What do Apple, a volcano, a statue and an empire have in common? That’s actually kind of a trick question – different people have different opinions on which archetype Apple most closely resembles.
Lately, at least some people think Apple is an empire in decline, or showing signs of it. (Even as a certain influential dev-blogger who “started” all this has since updated his thoughts on the matter.)
I happen to think Apple, like all other companies, is a volcano (specifically, an active one in Apple’s case) – perhaps a contrarian position, who knows.
Many others think of Apple as if it were a statue – say, of Steve Jobs. Once crafted and honed to the pinnacle of excellence, and maintained/standing the test of time like the greatest of sculptures around the world. But, lately? Under continuous, merciless assault from the elements, a tempest or software sandstorm of Apple’s own making. Blasting away the sheen, the shine, and slowly, the statue itself.
Mav’s Volcanic Theory of Corporations™ and a Non-Expert’s Caution Against Perceptive Myopia
Apple suffers slings and arrows of outrageous fortune, magnified by the outsize attention given to an outsized company with, let’s face it, outsized admiration, respect, maybe even love that you just don’t see with most companies. It’s beyond question that Apple’s various mishaps and “fiascos” over the years have a corrosive effect on the company. I skimmed through “a few” of them recently.
But if the negatives wear down Mt. Apple, its magma builds it up. Makes it taller and that much more formidable. 2012-2013 growth pause aside, you can’t exactly say Mt. Apple as fairly evaluated by its financial trends is…well…shrinking. Not with that most recent iPhone 6 eruption at the very least. The elevation continues to increase.
Now, the last thing I’ll do on this blog (I hope) is ever doff my disclaimer of expertise. But I am possessed of a certain amount of experience and perspective, as well as interest in tech and its inhabitants. There are long-time supporters (developers, pundits, etc.) who are of importance to Apple. (And I’m a long-time Apple user of little importance, to be clear. :D). Let’s stipulate it’s a significant loss if these influencers turn away from Apple. But that’s only part of the story.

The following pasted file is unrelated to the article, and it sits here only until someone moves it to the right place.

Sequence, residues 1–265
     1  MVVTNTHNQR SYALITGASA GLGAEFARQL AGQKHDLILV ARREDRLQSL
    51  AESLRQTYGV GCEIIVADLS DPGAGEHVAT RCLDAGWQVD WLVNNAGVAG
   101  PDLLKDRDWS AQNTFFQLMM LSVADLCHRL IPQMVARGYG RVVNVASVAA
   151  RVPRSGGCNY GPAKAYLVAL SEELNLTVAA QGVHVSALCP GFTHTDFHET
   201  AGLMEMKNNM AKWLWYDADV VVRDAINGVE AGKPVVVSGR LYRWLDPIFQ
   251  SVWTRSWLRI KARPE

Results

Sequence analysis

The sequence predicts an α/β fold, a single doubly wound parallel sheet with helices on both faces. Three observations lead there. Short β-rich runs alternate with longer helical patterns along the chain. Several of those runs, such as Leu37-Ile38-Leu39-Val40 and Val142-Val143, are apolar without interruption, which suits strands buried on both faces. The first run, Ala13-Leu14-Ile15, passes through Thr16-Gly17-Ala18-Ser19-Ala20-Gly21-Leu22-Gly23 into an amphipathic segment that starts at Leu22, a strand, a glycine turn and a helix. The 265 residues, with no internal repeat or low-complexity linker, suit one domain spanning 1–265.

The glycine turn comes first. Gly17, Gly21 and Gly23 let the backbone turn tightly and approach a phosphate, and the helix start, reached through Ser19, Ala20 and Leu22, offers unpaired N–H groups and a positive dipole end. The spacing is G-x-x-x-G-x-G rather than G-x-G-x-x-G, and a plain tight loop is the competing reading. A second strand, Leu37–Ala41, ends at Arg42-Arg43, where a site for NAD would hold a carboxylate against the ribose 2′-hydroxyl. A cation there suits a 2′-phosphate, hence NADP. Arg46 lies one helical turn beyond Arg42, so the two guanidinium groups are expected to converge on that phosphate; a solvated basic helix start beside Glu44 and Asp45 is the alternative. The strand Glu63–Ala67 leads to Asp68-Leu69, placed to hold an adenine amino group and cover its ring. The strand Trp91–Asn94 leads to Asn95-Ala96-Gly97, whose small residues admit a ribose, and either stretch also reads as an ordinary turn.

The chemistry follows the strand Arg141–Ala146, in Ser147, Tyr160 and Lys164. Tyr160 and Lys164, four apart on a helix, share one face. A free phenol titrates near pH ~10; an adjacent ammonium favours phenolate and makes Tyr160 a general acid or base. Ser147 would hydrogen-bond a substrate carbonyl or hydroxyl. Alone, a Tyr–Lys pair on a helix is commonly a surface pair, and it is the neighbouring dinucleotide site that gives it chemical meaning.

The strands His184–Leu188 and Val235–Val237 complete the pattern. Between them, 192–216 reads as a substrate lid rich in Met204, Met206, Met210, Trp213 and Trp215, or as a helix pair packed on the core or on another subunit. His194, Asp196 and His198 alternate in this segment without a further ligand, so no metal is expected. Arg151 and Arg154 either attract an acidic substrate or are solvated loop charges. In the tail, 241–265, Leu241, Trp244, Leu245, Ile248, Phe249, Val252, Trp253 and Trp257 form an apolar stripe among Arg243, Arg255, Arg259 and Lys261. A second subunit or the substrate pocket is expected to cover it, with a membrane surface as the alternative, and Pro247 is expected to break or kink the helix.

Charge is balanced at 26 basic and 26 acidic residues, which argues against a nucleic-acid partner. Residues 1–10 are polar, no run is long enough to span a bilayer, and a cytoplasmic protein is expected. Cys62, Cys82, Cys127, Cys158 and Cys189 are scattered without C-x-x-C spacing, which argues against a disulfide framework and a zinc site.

Yes, some despair that the Apple they once knew has changed for the worse (it’s not focusing enough, it’s running too many trains on a track that’s over capacity, it’s making repeated, embarrassing, clumsy, seemingly preventable mistakes, etc.). But Apple is, by revenue, about four times the size it was when iPad 1 first launched.
What’s that mean, beyond the money? The 4x multiple. That’s right. Many more customers than even five years ago. Go back to 2007, the birth of iPhone, and the difference in customer – and developer – base is even more startling.
No, the “old guard” of Apple customers, developers and ecosystem partners aren’t irrelevant, and Apple should avoid unnecessary disaffectation. But the Apple Tent is larger than it’s ever been. And, at great risk of oversimplifying and underexplaining – it may be presumptuous to project the laments of the old-timers upon the ocean of new, quite satisfied customers, as well as the developers and other ecosystem companies serving them.
Satisfied customers? Well, of course. You have been paying attention to Tim Cook’s customer sat updates, right?
Yes, many of those developers may be starving – but the enthusiasm is still there. And there’s more than one way to make money in the Apple ecosystem, as, say, iPhone accessorizers will tell you. (Pick a case, any case.)
Questioning the Empire Theory of Corporations
Look, I get it. Empires rise and then they fall, end of story. Supposedly, it’s accepted wisdom that no empire lasts forever. Studying the decline of empires, some sudden, some over long periods of time, is a fascinating and highly worthy pursuit.